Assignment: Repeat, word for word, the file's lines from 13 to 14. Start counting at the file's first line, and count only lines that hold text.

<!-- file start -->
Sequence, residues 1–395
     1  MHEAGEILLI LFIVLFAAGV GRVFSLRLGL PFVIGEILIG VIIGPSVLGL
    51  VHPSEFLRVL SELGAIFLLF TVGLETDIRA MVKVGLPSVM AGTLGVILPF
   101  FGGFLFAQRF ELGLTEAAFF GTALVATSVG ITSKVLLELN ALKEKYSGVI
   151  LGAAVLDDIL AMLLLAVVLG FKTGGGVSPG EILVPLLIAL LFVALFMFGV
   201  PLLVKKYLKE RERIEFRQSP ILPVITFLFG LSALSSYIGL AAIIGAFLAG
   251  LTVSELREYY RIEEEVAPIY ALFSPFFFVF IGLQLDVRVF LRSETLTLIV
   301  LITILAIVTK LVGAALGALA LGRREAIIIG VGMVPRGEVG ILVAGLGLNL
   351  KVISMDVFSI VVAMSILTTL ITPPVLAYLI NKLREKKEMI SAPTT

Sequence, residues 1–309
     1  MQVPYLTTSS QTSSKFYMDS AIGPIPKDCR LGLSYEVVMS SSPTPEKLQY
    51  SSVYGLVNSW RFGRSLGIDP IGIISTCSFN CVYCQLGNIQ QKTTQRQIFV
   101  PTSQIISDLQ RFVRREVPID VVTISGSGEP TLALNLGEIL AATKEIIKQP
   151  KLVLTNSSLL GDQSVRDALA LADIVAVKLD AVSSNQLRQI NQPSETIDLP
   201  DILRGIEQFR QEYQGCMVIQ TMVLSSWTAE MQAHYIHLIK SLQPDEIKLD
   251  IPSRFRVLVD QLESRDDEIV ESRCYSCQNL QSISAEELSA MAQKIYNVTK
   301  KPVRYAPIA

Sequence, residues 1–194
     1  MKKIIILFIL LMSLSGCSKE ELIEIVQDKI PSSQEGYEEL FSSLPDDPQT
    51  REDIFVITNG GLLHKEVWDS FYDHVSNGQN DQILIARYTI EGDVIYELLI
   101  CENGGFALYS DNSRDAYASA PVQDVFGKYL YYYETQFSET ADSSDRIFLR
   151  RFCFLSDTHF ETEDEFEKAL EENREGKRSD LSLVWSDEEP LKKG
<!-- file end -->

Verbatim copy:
   101  PTSQIISDLQ RFVRREVPID VVTISGSGEP TLALNLGEIL AATKEIIKQP
   151  KLVLTNSSLL GDQSVRDALA LADIVAVKLD AVSSNQLRQI NQPSETIDLP